Islam in Japan

Discussion in 'Alternate History Discussion: Before 1900' started by KarneeKarnay, Dec 6, 2018.

  1. Changundramon Well-Known Member

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    The Islam that might hypothetically grow in Japan has to deal not only with the concept of coexistence with a polytheist religion that is central to imperial authority, but also things like a general popularity of alcohol. The more it adapts to Japanese culture and customs- the more unique it will become, and such a community might get the same treatment from Middle East Muslims as Alawites or Ahmadiyya get in our timeline.
     
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  2. metalinvader665 Well-Known Member

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    The Korean alcohol soju and Japanese alcohol shochu can trace their descent from the Levantine alcohol araq. There was a caliph of the Ottoman Empire named Selim the Sot. Islam's effect on alcohol historically wasn't to destroy it, but to impoverish it via discouragement (leading to the extinction of many historic grape varieties from Mauretania to Iran). Remaining sorts of wine, or later distilled drinks like araq, would be eagerly consumed by less orthodox Muslims, up to and including the ruling class.

    Traditional Hui Islam was generally heterodox, so any traditional Japanese Islam would likewise be the same. If there's a Japanese ruler who declares himself Caliph, then odds are good his variety of Islam won't be very orthodox either. Pork was and is a major meat in Japan, so there needs to be a workaround. Sake was a huge part of government revenue since the Middle Ages (as late as the Russo-Japanese War, about 30-40% of government revenue on either side was funded by alcohol taxes). There's always been a loophole in some groups of Muslims about what alcohol Muhammad forbade (in opposition to the orthodox Muslim position that all alcohol is forbidden)--some say only intoxicants of grapes and dates are banned, and not those of wheat, honey, etc. Sake, made from rice, would thus be exempted under this view (nowadays a heterodox view), as would most all shochu, which is made from rice, barley, buckwheat, and even more odd ingredients like sweet potato, green tea, etc.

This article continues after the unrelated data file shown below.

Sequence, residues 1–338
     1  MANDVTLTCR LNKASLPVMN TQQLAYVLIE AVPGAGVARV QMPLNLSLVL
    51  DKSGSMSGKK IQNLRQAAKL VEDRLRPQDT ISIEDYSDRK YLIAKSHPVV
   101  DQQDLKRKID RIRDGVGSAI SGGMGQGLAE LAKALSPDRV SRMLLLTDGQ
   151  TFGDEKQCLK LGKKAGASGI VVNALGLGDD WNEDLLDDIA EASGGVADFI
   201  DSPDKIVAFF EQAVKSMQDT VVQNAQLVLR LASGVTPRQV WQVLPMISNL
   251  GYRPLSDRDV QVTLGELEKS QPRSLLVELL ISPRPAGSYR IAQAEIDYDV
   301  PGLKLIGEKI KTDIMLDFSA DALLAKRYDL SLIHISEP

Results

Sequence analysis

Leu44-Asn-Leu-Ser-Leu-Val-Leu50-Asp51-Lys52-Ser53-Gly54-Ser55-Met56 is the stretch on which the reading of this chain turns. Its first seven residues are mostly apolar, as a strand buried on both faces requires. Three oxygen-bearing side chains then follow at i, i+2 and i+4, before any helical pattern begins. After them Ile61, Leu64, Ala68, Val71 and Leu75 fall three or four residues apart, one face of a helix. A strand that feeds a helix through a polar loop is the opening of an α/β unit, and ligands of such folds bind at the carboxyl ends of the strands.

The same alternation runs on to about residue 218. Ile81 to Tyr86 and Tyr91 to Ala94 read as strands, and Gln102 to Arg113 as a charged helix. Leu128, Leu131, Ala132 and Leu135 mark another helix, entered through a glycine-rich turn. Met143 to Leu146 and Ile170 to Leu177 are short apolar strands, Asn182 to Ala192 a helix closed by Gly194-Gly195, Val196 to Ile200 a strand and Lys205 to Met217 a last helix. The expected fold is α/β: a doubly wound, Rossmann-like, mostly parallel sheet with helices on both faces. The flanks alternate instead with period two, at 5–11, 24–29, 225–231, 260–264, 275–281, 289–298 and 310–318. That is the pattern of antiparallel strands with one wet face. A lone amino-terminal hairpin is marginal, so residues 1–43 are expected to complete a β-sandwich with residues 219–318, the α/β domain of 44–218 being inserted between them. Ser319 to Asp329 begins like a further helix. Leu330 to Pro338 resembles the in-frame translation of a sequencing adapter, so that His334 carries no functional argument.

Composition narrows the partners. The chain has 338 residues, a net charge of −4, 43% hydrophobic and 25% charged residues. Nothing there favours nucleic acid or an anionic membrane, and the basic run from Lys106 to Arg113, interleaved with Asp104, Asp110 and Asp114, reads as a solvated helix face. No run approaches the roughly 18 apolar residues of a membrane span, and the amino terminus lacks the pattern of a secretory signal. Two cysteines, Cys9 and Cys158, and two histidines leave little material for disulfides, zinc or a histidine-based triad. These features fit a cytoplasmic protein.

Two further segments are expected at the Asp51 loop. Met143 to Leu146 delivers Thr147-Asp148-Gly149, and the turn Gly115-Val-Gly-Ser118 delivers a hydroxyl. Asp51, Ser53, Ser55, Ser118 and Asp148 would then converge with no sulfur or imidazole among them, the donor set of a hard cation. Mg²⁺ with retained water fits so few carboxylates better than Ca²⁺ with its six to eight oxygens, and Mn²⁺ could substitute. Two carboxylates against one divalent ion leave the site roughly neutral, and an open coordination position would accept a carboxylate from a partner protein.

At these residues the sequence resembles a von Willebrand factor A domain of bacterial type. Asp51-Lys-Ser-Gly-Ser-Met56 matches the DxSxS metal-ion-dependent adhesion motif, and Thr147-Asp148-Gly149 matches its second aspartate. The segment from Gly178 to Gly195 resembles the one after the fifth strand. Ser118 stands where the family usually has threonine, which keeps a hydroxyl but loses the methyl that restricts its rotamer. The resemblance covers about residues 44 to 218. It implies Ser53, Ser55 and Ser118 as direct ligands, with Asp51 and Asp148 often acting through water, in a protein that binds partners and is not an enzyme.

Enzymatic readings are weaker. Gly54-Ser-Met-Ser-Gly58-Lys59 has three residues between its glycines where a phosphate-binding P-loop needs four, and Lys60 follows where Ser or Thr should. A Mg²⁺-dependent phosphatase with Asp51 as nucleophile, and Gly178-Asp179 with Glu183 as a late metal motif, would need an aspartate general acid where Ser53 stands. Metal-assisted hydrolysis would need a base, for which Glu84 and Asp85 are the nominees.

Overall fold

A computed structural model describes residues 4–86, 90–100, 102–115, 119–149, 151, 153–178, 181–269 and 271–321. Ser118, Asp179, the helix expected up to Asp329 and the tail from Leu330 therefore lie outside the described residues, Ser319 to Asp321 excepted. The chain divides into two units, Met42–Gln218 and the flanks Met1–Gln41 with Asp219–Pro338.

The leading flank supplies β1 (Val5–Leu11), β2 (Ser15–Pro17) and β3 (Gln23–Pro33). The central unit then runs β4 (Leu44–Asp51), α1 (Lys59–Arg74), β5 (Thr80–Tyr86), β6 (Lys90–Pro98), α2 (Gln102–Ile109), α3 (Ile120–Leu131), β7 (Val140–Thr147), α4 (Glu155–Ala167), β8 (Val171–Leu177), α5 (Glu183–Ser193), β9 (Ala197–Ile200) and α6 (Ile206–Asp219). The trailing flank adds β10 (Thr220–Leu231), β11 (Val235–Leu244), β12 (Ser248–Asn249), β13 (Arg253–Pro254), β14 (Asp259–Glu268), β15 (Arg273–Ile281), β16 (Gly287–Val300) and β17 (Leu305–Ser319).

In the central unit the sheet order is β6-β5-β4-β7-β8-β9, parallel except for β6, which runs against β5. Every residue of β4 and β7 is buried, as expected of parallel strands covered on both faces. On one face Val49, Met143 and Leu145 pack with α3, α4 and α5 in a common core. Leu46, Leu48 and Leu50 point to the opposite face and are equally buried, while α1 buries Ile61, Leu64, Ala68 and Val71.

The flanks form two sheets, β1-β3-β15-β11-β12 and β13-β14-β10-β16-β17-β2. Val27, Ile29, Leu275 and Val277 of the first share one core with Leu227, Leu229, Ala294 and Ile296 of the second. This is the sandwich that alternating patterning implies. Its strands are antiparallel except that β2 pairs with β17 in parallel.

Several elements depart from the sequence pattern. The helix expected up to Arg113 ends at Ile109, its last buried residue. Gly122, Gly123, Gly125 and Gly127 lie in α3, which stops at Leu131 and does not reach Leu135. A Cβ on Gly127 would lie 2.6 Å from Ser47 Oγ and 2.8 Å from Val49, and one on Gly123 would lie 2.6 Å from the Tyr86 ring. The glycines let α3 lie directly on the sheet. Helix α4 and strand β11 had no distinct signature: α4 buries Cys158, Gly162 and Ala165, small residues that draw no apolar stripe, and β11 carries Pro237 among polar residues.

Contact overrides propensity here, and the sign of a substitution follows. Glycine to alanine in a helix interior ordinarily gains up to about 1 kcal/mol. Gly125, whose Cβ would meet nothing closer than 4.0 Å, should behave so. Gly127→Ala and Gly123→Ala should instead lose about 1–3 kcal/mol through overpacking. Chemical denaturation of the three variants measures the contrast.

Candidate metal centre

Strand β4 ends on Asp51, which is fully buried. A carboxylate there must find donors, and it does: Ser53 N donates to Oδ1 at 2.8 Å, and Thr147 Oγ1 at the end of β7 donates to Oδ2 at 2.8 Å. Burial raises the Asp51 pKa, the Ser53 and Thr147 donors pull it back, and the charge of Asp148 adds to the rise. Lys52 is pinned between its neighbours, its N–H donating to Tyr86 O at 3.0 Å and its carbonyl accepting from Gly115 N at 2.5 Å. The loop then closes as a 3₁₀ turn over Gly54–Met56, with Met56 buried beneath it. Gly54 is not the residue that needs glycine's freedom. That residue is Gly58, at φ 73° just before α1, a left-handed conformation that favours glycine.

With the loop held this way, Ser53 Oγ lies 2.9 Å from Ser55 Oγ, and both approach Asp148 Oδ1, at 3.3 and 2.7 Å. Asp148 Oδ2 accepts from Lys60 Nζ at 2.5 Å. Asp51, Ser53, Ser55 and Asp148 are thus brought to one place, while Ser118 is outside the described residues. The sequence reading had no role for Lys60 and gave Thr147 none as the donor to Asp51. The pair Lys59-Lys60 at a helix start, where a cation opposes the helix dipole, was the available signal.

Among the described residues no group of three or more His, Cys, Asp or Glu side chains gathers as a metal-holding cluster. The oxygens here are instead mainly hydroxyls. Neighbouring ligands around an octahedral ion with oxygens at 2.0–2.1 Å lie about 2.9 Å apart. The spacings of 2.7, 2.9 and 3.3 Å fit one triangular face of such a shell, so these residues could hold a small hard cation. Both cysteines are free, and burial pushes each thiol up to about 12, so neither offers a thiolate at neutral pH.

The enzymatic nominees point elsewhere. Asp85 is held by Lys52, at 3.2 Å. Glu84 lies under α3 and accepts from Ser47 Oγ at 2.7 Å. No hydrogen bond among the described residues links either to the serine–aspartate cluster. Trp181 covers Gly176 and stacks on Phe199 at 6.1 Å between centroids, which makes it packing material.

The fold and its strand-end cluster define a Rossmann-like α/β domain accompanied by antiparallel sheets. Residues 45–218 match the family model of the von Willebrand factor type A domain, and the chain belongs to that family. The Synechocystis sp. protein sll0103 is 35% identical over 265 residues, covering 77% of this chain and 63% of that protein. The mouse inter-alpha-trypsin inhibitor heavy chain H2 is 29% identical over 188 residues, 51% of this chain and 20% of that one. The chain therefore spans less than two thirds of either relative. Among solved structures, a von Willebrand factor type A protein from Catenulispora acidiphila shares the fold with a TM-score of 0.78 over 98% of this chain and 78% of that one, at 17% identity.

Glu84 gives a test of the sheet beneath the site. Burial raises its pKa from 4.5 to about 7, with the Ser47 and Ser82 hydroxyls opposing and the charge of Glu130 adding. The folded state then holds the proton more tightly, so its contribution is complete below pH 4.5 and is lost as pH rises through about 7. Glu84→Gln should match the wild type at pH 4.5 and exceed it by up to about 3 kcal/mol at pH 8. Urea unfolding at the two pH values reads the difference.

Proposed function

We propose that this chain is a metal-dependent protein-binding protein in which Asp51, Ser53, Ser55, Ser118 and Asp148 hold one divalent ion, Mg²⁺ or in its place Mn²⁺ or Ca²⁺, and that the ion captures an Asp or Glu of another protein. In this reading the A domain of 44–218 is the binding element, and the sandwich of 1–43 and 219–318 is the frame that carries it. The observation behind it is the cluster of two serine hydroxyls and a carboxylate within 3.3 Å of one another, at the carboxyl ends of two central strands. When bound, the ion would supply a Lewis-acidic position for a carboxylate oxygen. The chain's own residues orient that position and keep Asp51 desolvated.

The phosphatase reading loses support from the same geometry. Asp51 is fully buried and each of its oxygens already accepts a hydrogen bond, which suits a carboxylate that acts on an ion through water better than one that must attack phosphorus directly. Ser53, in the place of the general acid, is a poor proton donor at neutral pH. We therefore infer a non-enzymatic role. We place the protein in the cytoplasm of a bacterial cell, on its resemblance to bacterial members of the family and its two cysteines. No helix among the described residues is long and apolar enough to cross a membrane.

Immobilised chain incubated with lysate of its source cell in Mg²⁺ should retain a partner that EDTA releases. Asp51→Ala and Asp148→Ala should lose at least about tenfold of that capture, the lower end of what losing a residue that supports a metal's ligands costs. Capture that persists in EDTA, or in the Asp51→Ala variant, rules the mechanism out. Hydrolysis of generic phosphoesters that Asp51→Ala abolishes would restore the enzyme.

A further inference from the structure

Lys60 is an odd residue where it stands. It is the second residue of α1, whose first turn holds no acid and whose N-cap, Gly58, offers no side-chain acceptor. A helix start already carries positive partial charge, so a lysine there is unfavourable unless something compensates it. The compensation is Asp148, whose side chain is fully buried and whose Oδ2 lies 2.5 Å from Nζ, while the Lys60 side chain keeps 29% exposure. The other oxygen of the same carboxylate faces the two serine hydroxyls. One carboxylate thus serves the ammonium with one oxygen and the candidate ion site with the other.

3. Changundramon Well-Known Member

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    Interesting bit about the different sources of alcohol being treated differently. Forgot about the pork issue, as I thought Japanese in those times didn't get to eat meat often. I guess it was more available than I thought. Climate plays a role in food preference. The colder a winter can get in any given area, the more caloric food will be preferred.
     
  4. metalinvader665 Well-Known Member

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    IIRC pork would have been the most common meat the peasant in Japan would have eaten (except fish in some parts). They normally would have eaten millet, buckwheat, or brown rice, which wasn't as prestiged as white (polished) rice like the elite ate, which ironically gave the peasants an advantage in nutrition since buckwheat, brown rice, etc. have important nutrients which white rice lacks. A lot of rice was also sold to sake breweries, which were often under the control of monasteries or the government (and monasteries had an unfortunate tendency of fighting with the government).

    It's also worth noting that to this day, shochu production is most associated with Kyushu.
     
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  5. BMN Well-Known Member

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    I disagree with regards to Islam, as only a direct descendent of Muhammad (ie an Arab) can be a Caliph. I don’t know much about the Sokoto Caliphate, but my guess is the ruler was of mixed ancestry and could claim Arab paternity.
    For the Japanese, it would be tricky to achieve being the direct descent of an Arab without being a half-breed, which would be seen as ‘less pure Japanese’

    At least in the case of Christianity, being an heir to Christ’s throne was more spiritual than biologically genealogical, so an Emperor crowned by a pope could claim to be the Prince of Heaven regardless of his ancestry
     
  6. FillyofDelphi Banned

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    The Sokoto Caliphate didn't claim the mantle of the Universal Successor of the Prophet, and in Sunni Islam there isent any strict ethnic requirement anyways (Shia Islam is different, believing the title is hereditary down the Line of Ali, but wouldn't be the sect involved here if we're talking about it being introduced by an Arabic and Malay merchant class). Rather, they were taking on the title as "Commander of the Faithful"; the protector and guide of a particular Islamic community.